So, economic conservatives may have been a key constituency for an untested BJP; but what explains their steadfastness after five years of the BJP being in power? The party that campaigned against large-scale “wasteful” welfare programmes in 2014 only expanded on these. After all, the NDA’s agricultural loan waiver announced in the run-up to the 2019 elections – which stands at Rs 75,000 crore as per the latest budget estimates – is the largest welfare programme that India has ever had. Job creation and economic growth have been far below the targets.
There is certainly anecdotal and empirical evidence to suggest that the welfare schemes that the NDA took up cast a wide net. Jyoti Mishra and Vibha Attri, researchers at Lokniti-CSDS, found that the reach of the flagship schemes launched by Narendra Modi-led NDA-I was comparable to those launched by UPA-I, and substantially more than those pushed by UPA-II.
The NDA government was more likely to be credited for these schemes than in the past, where state governments were more likely to be misattributed with credit, Chhibber and Verma find in their to-be-published research. If voters did receive tangible benefits, they might be less likely to punish macroeconomic failure. If “wasteful” spending was the criticism, a greater reach of welfare schemes is likely to have gone down well with even economic conservatives.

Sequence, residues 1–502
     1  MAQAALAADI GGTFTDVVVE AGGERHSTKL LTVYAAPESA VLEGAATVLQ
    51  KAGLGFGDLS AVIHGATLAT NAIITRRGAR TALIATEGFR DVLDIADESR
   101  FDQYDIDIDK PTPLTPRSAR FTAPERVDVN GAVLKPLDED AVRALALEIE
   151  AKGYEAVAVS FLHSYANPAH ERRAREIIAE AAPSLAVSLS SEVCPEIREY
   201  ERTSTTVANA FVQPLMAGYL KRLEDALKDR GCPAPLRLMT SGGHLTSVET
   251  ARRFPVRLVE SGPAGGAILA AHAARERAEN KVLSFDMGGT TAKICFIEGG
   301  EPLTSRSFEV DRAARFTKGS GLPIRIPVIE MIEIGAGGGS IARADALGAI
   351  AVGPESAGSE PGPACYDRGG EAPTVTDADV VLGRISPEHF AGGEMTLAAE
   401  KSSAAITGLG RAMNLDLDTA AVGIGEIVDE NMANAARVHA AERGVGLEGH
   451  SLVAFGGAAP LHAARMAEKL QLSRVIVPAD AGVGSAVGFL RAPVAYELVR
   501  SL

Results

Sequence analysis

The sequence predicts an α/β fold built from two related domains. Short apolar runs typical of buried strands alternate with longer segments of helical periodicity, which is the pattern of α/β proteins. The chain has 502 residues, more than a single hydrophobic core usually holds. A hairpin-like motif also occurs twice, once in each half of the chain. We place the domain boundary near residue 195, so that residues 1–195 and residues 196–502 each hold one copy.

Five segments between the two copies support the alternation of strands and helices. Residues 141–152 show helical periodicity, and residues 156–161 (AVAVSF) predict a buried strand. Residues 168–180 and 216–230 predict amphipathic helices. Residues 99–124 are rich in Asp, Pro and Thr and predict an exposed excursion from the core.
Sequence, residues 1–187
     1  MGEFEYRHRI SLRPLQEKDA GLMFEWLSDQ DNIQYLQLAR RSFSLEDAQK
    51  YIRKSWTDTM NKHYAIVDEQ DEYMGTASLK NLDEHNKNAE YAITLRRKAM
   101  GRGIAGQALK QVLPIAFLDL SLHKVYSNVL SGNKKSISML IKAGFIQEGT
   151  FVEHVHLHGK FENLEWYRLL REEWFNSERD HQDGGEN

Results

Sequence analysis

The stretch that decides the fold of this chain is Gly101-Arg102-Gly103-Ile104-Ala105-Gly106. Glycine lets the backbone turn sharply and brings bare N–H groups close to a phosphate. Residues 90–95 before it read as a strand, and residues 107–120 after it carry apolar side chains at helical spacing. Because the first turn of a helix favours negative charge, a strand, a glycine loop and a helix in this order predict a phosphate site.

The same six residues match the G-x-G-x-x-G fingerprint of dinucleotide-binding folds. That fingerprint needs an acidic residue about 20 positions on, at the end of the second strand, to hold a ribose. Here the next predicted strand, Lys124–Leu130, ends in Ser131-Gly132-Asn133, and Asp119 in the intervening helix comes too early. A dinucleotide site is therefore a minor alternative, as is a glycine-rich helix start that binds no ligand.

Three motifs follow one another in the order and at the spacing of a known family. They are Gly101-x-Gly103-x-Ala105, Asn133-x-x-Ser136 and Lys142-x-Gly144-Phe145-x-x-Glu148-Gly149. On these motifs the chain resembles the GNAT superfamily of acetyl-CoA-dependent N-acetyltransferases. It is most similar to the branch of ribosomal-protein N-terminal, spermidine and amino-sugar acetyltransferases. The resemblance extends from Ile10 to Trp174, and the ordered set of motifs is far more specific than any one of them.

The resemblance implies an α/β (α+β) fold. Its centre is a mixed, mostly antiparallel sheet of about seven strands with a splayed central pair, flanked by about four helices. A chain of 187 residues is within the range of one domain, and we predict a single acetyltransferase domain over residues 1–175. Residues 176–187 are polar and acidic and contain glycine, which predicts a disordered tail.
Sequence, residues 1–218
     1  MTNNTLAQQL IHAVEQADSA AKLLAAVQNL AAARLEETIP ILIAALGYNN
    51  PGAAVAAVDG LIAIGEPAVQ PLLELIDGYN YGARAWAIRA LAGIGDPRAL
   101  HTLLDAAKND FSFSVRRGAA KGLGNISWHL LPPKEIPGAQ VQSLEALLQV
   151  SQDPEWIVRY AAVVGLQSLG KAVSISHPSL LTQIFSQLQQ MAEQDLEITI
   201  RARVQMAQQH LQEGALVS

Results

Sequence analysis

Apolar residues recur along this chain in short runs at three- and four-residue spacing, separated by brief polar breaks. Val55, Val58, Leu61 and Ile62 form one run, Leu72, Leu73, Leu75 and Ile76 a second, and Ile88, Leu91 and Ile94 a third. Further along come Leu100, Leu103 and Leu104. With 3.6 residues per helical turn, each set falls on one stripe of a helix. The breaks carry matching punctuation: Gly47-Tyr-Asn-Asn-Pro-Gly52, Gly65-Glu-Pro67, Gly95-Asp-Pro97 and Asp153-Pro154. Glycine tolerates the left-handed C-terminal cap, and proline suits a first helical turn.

Several commentators have also noted that despite other macroeconomic failures, the Modi government has consistently kept a lid on food price inflation, believed to be the straw that broke the UPA-II’s back.
All of these, however, have expiry dates. Or rather – they should. But that is where an analysis of data as it currently exists breaks down.
Imperfect nature of polling
There is definite evidence that even something that appears to be “objective”, like the respondent’s family income or job status, can be experienced quite subjectively. According to surveys conducted by Lokniti-CSDS between May 2018 and March 2019, the BJP’s popularity went up and correspondingly the share of respondents who said their income was not sufficient or that they could not find a job went down, despite little evidence of substantial improvement in the economy during this period.
Finally, one part of the problem and potentially part of the answer lies in the imperfect nature of polling in India. Most election studies do not help us separate voters’ beliefs. For instance, we do not know how many voters would still choose an economically right-leaning party if it wasn’t also socially right-leaning – in other words, we do not know how many true economic conservatives there are.
Chhibber and Verma constructed their definition using certain NES answers as proxies, but this is an imperfect science. Moreover, the specific wording of questions changes between NES rounds, and the 2019 round has few usable questions on economic views.
It’s hard to say, then, where the economic right vote will go, when it isn’t even clear if there is a pure economic right. Even if there is one, Modi is in no trouble yet.
The author is a Chennai-based data journalist. Views are personal.